I am not the only one who has asked me this question. My sister asked me where I thought of as home. For her the question is easy. She has lived in two homes in her adult life. She raised her children primarily in one house. There were no changes in schools, neighborhoods, friends, or routines except those dictated by the needs and requirements of their growing family. She is minutes away from our parents, and brother. I have owned many houses, in five states, and have lived for short periods in other places.

The hardest move was Lancaster Pennsylvania where the red dirt made me nauseous. I have traveled the country so I knew dirt could be a wide range of colors from red, brown to black. But seeing the red dirt everyday was disturbing, when the dirt of my world was brown, red just looked wrong. As wrong as an orange sky. Being five hours from family in Ohio, we took every opportunity to “go home,” rather than make our life in Pennsylvania.

The easiest move was to Seattle Washington. Luckily my daughter’s husband was stationed at Bremerton Naval Base, so I got to see her frequently. I got to be there for the birth of my granddaughter, Kylie. My in-laws were also there. Ohio was far enough away, that I had to make my life in Washington. I loved the mountains, and had always wanted to live in them from the time of childhood trips to the Rocky Mountains. Frequent flier miles kept me in touch with the rest of the family in Ohio and Pennsylvania.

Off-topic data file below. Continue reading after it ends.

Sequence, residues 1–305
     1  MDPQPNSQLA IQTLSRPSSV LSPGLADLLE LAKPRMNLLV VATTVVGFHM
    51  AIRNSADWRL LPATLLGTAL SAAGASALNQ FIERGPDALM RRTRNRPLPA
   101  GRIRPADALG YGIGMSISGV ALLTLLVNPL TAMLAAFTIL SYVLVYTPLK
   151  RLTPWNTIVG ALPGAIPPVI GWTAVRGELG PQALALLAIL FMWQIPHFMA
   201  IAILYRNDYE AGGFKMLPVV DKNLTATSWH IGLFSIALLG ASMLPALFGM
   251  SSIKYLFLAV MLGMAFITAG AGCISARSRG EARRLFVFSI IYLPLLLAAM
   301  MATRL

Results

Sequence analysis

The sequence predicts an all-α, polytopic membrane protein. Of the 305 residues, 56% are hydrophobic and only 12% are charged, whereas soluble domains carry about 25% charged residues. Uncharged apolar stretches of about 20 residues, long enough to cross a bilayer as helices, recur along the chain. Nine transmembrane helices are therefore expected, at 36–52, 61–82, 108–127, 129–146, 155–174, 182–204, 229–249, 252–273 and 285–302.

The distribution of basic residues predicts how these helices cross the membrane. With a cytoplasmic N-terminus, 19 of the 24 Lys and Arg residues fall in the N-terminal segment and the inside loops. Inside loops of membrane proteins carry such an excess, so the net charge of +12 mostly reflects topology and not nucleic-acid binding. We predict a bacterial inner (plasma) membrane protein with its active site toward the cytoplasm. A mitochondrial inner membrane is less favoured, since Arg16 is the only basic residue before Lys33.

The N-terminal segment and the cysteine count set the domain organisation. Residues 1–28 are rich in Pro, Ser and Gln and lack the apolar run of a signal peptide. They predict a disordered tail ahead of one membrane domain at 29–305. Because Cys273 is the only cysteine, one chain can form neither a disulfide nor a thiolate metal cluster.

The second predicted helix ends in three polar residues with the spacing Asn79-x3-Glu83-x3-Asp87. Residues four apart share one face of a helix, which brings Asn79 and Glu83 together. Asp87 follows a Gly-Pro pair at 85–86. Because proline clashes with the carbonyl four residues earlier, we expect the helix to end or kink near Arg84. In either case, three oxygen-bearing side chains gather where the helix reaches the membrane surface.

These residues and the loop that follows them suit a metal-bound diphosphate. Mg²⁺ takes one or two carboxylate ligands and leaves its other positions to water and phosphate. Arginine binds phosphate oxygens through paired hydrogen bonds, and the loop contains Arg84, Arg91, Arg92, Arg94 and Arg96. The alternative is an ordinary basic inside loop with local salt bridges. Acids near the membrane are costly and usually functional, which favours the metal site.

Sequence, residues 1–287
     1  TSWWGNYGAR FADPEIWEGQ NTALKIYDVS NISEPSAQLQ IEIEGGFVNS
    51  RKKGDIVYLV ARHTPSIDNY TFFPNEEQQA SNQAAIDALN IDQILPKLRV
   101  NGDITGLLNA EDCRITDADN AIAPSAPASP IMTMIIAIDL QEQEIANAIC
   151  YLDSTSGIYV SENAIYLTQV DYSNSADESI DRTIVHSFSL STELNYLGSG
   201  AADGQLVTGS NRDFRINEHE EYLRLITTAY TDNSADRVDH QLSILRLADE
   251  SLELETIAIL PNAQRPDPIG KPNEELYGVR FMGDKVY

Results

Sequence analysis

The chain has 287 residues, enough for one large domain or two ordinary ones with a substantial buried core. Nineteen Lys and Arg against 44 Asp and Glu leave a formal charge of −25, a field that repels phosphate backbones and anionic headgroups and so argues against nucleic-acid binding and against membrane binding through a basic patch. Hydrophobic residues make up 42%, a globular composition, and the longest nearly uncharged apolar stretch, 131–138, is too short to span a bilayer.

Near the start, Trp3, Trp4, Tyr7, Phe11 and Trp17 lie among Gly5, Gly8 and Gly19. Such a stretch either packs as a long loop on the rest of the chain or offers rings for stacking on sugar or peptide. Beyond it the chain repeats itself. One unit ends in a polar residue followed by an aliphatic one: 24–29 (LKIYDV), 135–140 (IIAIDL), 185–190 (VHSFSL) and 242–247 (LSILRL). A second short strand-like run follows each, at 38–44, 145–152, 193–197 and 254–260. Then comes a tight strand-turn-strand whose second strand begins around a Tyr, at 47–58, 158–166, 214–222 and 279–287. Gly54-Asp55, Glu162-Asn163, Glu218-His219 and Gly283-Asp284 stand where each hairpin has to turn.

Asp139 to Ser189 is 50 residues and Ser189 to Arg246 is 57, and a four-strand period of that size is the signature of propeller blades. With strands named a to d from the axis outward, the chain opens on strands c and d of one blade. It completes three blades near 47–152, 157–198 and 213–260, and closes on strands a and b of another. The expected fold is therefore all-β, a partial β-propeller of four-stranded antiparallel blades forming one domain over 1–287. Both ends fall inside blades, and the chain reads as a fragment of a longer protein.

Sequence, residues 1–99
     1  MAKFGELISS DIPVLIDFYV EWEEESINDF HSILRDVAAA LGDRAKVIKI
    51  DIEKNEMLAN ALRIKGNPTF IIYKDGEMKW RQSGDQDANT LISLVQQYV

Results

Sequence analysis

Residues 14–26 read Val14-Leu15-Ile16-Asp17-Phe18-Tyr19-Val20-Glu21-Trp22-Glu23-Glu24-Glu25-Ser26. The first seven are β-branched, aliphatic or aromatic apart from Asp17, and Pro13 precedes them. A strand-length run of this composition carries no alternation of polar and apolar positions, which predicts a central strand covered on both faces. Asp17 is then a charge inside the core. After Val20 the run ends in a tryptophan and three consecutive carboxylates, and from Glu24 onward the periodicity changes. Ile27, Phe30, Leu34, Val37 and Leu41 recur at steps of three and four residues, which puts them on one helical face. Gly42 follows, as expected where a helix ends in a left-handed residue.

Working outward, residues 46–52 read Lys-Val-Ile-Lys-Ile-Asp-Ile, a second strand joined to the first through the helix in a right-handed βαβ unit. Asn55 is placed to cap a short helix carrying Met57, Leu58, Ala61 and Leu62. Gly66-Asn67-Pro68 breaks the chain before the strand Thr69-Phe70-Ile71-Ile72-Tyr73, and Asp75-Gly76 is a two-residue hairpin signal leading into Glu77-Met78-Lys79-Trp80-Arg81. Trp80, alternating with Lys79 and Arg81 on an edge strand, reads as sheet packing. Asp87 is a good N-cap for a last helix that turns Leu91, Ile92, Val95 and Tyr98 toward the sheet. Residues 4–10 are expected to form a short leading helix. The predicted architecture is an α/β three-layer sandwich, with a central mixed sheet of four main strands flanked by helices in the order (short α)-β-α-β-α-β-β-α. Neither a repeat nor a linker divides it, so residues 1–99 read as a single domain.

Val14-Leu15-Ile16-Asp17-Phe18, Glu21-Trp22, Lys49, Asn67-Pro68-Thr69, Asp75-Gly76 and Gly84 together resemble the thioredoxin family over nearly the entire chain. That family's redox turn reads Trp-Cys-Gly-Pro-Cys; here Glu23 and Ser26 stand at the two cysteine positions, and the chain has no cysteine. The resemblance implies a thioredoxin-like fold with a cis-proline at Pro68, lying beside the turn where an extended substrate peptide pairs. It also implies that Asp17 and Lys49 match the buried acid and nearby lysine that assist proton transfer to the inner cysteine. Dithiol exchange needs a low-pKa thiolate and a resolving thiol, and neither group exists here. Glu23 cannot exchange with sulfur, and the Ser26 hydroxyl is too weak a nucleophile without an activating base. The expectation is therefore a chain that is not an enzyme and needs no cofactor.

The best climate was Oceanside, California. Relentlessly excellent weather, six miles from the beach, and ocean breezes allowed us to leave our windows open without being plagued by bugs. Butterflies would come and go from the living room. I could have lived there forever, except that family was to far away.

I planned on living in each of our homes for a lifetime. I selected my homes based upon projected needs of myself and my family. A down stairs bath and bedroom was a requirement just in case a parent would have to move in with us. Enough bedrooms for visiting family, and space our grandchildren would love. We poured our time and money into these places. Things purchased for one home didn’t always fit well in subsequent places.

I never chose to live far away from family. It was the consequence of choosing to stay with the man I married, which was encouraged as right and good by Mom and Dad. We have had a good life, and lived in interesting places, but I cried leaving the comfort of my extended family, and continually tried to arraign my life to bring me back to them. Now choosing a place to live close to family is a little more difficult, with our children and grandchildren living in different areas.

I am in another new house, having fun decorating my doll house. But where do I feel at home? I feel at home when I’m talking to, or with my family and friends. I’m home with my parents, with my children, with my grandchildren, with my brother or sister, either in person, on line, or on the phone. That is when I feel at home, when I am with those who have my heart.